When it comes to staying warm on a motorbike, the traditional option is to layer up, loads of jumpers and thermals, but end up feeling like a Michelin man with restricted movement. These days however, there’s loads of great electrically heated gear on the market, from gloves and socks to vests and pants. All nice thin layers that keep you toasty without bulkiness. The only problem is, much of this serious gear comes at a serious price.
It’s at this point you may have noticed a lot of very cheap heated clothing on eBay from China. It can’t all be that bad, can it? So in the name of research, we picked up a heated vest for the princely sum of £20 (delivered). A far cry from big name brands costing £100-150 or more. Read on to see if we wasted our money or found a little far Eastern gem.
First impressions were pretty good, no obvious flaws in seams and construction. The vest has a deep V-neck design with a short zip and a diamond embossed neoprene outer, like some classy body warmer. It’s lined with a very soft thin plush of almost velvet feel, and then all the edges are finished with a roll over piping. The heating wires can be felt within if you search, but aren’t noticeable day to day.
There’s two pockets on the front, one containing a 15cm USB cable to power the vest and accept a battery, albeit no battery was supplied with the vest. Any generic battery with a USB socket will, as you may have already for recharging your phone. We picked up a big 2000mAh Li-Po battery for another £20 (a PowerAdd Pilot X7), which fits snuggly and keeps it powered on high for several days worth of journeys. It also has multiple USB sockets on it, giving the option to charge a phone in the other vest pocket.
A small rubbery light up button on the left hand breast turns the vest on and toggles heat level. A long press for on-off, or a quick tap to cycle high, medium, low with associated red, white and blue coloured lights. Product blurb claims these settings provide 65C, 55C and 45C temperatures respectively, however I’ve not measured to confirm this.
With the large battery in pocket, it does have a little bit of weight (560g for vest, plus 370g for battery), but certainly not bulky and the vest easily slips on under a bike jacket. When turned on it can take 5 minutes or so before it feels noticeable warm and even on high it only provides a modest warmth to touch. However, as a layer under your jacket (which probably has a thermal liner too), you really don’t need a lot of heat. Even in temperatures around zero and riding in wet snow, it produced sufficient warmth to keep the cold away. By no means hot or enough to build up a sweat, but comfortable and ample to keep the chill away.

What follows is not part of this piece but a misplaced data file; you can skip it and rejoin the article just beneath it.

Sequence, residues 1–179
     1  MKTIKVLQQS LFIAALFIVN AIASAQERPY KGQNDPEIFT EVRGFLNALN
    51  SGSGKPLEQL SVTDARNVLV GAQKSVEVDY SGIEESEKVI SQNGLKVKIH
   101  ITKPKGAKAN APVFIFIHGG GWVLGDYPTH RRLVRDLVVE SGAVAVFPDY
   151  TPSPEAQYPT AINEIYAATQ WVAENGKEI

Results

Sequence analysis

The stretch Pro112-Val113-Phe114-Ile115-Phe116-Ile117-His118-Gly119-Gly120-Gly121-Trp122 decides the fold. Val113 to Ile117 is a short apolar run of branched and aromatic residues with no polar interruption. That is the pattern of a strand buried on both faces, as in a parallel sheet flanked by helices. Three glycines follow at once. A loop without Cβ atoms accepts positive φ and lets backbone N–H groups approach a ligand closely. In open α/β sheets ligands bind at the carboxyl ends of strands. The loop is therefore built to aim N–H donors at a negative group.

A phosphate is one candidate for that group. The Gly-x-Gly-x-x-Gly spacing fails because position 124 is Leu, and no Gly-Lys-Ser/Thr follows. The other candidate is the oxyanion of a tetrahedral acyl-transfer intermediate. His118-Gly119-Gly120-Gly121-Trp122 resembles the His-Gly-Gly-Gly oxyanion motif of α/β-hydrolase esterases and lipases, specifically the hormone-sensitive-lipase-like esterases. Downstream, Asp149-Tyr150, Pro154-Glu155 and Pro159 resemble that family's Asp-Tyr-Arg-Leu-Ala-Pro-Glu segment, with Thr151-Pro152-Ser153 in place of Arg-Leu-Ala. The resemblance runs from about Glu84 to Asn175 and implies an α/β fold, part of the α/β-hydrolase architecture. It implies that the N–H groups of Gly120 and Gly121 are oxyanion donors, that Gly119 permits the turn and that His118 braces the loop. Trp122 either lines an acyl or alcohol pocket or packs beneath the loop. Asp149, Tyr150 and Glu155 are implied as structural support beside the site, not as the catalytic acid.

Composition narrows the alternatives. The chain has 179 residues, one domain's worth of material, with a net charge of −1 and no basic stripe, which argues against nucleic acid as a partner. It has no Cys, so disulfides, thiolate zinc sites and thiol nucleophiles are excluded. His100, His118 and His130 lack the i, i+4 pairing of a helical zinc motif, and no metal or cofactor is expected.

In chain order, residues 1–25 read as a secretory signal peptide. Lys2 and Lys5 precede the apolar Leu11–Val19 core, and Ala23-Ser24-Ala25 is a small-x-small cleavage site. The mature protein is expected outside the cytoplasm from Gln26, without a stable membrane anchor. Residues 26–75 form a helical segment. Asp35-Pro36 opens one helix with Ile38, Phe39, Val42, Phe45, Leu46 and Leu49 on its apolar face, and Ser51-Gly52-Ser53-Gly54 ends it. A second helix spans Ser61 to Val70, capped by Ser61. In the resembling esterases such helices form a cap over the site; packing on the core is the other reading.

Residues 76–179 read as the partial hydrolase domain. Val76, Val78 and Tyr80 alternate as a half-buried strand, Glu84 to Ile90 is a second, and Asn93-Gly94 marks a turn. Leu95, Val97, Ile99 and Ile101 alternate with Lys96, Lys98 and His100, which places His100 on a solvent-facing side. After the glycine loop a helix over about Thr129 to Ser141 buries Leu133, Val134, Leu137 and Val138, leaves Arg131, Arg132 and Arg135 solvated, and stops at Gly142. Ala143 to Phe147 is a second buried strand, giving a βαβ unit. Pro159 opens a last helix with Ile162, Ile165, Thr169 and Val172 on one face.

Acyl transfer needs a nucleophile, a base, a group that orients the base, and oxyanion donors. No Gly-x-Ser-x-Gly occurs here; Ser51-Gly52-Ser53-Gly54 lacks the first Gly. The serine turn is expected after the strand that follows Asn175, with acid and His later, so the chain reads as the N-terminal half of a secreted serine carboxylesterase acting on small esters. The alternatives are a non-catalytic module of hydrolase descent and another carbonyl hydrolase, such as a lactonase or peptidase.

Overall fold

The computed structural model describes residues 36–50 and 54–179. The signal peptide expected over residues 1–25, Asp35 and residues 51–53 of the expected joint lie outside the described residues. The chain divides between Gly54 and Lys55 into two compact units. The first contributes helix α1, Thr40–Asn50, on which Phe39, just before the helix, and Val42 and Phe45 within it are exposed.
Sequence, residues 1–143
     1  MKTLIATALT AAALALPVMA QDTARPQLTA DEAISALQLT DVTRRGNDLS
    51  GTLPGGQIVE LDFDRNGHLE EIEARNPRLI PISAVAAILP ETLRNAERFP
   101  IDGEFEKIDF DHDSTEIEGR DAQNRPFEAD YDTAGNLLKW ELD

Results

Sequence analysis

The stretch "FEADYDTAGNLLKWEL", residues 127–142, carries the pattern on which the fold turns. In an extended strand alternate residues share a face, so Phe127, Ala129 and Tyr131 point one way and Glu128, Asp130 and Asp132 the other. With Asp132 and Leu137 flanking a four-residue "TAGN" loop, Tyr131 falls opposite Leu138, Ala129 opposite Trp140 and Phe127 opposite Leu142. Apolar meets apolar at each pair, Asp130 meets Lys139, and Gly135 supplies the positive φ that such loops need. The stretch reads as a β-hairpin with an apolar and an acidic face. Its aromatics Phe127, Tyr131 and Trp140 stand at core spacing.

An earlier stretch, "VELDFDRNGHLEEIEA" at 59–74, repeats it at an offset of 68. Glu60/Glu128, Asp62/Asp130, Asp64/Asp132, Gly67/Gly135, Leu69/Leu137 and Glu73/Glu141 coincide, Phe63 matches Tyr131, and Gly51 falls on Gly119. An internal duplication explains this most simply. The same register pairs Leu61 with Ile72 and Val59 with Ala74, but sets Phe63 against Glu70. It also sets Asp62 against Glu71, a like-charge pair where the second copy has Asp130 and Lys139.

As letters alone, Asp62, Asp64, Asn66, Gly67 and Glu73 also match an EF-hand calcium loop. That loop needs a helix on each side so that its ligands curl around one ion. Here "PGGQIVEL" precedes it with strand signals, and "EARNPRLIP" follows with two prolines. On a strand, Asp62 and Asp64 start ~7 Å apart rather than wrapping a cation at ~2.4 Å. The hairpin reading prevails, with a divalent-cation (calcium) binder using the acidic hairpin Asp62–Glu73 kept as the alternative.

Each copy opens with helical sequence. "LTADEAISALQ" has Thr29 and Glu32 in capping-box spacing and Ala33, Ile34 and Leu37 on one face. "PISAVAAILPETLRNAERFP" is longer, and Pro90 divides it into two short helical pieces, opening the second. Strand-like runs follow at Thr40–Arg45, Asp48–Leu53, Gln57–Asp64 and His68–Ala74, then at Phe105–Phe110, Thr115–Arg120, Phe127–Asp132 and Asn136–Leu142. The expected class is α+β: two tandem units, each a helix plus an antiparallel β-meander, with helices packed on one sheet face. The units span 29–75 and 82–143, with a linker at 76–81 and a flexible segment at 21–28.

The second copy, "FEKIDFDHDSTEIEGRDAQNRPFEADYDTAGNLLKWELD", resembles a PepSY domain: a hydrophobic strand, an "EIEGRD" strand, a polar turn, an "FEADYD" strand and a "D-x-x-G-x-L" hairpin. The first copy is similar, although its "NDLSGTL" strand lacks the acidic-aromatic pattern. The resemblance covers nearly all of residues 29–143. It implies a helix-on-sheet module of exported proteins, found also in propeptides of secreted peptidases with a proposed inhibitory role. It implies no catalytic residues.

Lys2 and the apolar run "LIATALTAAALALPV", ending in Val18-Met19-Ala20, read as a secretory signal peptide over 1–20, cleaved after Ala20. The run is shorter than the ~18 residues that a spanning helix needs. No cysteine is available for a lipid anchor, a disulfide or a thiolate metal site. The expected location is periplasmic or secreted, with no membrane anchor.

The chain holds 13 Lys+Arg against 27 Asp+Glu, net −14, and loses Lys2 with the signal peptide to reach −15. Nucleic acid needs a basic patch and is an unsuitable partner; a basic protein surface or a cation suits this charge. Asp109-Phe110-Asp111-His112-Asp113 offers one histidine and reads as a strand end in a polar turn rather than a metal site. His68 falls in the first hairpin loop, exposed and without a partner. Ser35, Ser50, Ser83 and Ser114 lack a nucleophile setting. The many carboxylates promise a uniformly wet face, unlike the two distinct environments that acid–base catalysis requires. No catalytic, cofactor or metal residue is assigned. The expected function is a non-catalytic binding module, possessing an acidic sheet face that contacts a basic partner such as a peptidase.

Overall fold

Where the vest falls down is around the button to control it. Firstly being on the breast, you can’t see or really access it once you’ve got a thick motorcycle jacket on over the top. So, you’ve no idea what setting it’s on and it’s trial and error to try and press it through a jacket. Secondly, the button is really touch sensitive. I would often set it to high, stick jacket over the top, get down the road and begin to wonder why it’s not producing much heat. When I stop, and unzip jacket to check it out, I would then find it’s flipped to medium or low setting, seemingly having cycled through setting from light brushing of a jacket over the top. Either that or it’s got some undocumented features to only stay on high for short time, to save power or some such. Either way, not ideal on the bike.
Overall, it’s not a bad little heated vest, certainly can’t moan at the £20 price or long shipping time from China. Both Mary and myself have used it and we both came to the same conclusion that it’s only the control button that really lets it down for use on a bike. Additionally, it’s also super tempting to pop on when not on the bike, even for just a walk to shops on a icy day (my Northern relatives would be ashamed…) Of course, as we’ve only had it a month, it’s too early to judge reliability, which can be issue with heated gear. But we’ll report back here later in year with our judgement of longevity.
Score: 7 out of 10.
Seasoned London commuter, doing my best to stay rubber side down and never stop moving forward.